This year’s Kentucky Derby winner is ‘co-owned’ by Mumbai bloodstock agent | Mumbai News


MUMBAI: When three-year-old colt Authentic beat the hot favourite Tiz The Law to win the Kentucky Derby, the big daddy of American thoroughbred racing, on Saturday, Pedder Road resident Gaurav Rampal was over the moon. The 41-year-old bloodstock agent had become the first Indian co-owner of a Kentucky Derby winner.
Trained by Bob Baffert and ridden by John Velazquez, Authentic was third in demand in a 15-horse field, the smallest since 1998.
“Due to travel restrictions I couldn’t travel to the US, but I enjoyed every moment of Authentic’s upset win here in Mumbai,” Rampal told TOI.
Rampal, however, was not the only owner of Authentic who was celebrating. There were 4,200 of them!
‘Owning a champion horse means more than the money’
The 4,200 ‘micro-owners’ of Authentic were watching him win from their homes. For the first time in its 146- year history, the stands at Churchill Downs were empty thanks to Covid-19.
“There is a California-based company called MyRace-Horse which promotes microownerships. They had a 12.5% share in Authentic and they were selling 12,500 shares at $206 apiece. I was aware of the colt’s pedigree apart from the fact that he had won four of his five previous starts. So, I decided to invest and bought a share on June 29,” said Rampal, who is one of the leading bloodstock agents in India.
Apart from MyRacehorse founder Michael Behrens, B Wayne Hughes holds a majority share in Authentic.
So how much will each micro-owner get from Authentic’s victory? It’s not easy to figure it out. The total purse is $3 million, of which the winner lands $1.86 million. The jockey and trainer each get 10% of the purse while other expenses, such as barn rental fees and veterinary bills, may be paid from the winnings. MyRace-Horse will get 12.5% of what’s left, and that money will go to the micro-owners, based on how many shares they own.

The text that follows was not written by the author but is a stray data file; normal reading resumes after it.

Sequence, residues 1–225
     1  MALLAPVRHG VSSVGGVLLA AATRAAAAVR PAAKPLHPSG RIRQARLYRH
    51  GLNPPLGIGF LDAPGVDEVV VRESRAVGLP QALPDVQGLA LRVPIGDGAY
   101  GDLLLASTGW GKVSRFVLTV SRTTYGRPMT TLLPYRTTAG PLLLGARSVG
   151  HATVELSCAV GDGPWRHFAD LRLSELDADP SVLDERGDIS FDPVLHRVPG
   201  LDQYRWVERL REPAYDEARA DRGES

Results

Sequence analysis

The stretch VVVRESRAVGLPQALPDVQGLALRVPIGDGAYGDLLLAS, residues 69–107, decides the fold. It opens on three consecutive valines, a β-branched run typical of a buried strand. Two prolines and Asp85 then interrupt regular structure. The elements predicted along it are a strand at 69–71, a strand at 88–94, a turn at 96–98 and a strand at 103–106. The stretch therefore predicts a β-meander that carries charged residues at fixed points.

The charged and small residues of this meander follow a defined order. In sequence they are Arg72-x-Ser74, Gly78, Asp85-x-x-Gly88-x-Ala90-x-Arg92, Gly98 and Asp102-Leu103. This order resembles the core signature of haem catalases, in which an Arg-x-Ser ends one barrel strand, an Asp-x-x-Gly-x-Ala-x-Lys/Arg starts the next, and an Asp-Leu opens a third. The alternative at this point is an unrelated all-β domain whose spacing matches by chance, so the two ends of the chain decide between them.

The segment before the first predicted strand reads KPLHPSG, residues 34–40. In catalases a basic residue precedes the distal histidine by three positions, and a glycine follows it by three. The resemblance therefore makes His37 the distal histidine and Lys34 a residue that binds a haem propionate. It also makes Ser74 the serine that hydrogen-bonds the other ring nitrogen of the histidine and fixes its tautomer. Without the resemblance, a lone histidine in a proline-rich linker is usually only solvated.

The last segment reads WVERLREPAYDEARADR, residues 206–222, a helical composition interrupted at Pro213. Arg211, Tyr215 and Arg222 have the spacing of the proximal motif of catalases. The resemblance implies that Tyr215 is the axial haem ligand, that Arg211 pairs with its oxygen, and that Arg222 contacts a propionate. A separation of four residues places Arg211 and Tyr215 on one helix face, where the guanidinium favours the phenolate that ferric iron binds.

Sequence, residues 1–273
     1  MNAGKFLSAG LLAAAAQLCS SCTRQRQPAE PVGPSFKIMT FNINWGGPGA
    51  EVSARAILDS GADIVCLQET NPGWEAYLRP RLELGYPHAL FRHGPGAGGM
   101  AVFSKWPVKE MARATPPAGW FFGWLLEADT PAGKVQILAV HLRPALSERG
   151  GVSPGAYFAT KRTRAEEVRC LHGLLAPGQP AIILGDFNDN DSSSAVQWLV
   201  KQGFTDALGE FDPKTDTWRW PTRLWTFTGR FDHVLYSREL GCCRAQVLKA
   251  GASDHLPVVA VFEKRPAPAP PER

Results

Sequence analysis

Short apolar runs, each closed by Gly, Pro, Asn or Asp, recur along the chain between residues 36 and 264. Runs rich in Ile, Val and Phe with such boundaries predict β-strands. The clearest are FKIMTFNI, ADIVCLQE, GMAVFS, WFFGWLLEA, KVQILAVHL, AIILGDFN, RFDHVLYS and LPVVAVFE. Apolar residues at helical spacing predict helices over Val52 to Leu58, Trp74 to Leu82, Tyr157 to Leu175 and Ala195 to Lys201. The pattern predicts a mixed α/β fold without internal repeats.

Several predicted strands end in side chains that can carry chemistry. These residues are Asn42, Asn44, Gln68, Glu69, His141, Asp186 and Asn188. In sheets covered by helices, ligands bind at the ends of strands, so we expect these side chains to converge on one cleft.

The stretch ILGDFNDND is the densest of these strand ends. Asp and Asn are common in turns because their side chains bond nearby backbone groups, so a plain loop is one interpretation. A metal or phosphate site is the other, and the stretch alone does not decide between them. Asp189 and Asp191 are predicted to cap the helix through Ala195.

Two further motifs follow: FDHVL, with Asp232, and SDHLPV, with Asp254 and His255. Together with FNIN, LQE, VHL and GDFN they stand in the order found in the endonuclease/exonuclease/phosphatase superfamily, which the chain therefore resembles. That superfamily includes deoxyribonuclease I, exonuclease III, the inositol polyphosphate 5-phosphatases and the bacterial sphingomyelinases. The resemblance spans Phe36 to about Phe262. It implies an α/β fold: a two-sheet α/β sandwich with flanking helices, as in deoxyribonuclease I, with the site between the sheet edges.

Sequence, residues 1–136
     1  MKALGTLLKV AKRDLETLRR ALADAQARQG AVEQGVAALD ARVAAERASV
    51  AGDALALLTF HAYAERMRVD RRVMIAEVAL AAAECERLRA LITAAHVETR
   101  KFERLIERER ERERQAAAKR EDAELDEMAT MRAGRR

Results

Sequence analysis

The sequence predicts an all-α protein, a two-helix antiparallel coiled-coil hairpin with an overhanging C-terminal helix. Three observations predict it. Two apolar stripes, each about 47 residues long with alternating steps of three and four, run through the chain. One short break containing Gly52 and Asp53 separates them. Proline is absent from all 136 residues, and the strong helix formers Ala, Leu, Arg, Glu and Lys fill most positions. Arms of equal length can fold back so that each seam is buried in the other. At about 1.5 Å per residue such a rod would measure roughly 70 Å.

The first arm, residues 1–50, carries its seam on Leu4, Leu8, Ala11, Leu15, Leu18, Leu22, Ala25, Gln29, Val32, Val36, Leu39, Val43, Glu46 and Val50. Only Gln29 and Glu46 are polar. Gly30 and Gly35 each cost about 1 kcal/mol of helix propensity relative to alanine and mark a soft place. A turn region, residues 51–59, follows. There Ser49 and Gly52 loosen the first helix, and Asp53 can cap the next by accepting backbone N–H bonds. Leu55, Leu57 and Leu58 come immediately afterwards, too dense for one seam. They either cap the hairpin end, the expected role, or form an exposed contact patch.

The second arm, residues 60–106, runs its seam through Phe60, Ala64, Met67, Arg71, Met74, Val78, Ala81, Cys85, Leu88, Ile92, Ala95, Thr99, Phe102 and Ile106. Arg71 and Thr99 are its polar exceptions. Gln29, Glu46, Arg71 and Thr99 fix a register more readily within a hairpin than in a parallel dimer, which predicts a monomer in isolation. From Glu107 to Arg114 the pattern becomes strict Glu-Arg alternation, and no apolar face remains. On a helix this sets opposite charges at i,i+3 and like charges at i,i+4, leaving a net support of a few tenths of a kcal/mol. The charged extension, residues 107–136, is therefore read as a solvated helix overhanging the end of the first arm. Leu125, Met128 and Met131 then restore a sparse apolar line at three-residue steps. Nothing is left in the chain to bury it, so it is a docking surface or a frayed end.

“That may be a small amount but that’s immaterial. When you are one of the owners of the Kentucky Derby winner, it means a lot to me,” said Rampal. The picking of a winner of this prestigious race will certainly enhance his professional image as a bloodstock agent. Rampal was also instrumental in buying the 2014 Indian Derby winner Alaindair for his owners and last year’s Pune Derby and Indian 2000 Guineas winner Trouvaille.
But being a micro-owner does not mean you will not get anything in return. Successful stallions are deployed as studs with breeding fees of around $200,000 per mare. “But that depends how the stallion’s career shapes up,” said Rampal. “Hardly 5% of stallions succeed in attracting big money,” he added. Despite being in Mumbai, Rampal enjoyed the privilege of being an owner every day. “MyRaceHorse kept supplying us all the details about Authentic’s daily progress online,” he said.
Incidentally, Rampal says he might initiate the concept of micro-ownership in India. “It’s the future of horse racing. But the biggest challenge remains convincing the racing mandarins in our country,” he said.

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